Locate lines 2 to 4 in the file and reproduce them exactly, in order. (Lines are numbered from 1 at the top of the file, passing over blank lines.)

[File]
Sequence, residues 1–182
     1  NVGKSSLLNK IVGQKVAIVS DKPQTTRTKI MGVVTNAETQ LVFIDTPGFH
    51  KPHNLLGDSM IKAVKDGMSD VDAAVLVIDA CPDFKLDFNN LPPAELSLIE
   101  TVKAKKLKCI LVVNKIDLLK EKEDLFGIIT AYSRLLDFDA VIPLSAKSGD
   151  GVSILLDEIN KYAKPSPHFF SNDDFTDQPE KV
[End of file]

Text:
     1  NVGKSSLLNK IVGQKVAIVS DKPQTTRTKI MGVVTNAETQ LVFIDTPGFH
    51  KPHNLLGDSM IKAVKDGMSD VDAAVLVIDA CPDFKLDFNN LPPAELSLIE
   101  TVKAKKLKCI LVVNKIDLLK EKEDLFGIIT AYSRLLDFDA VIPLSAKSGD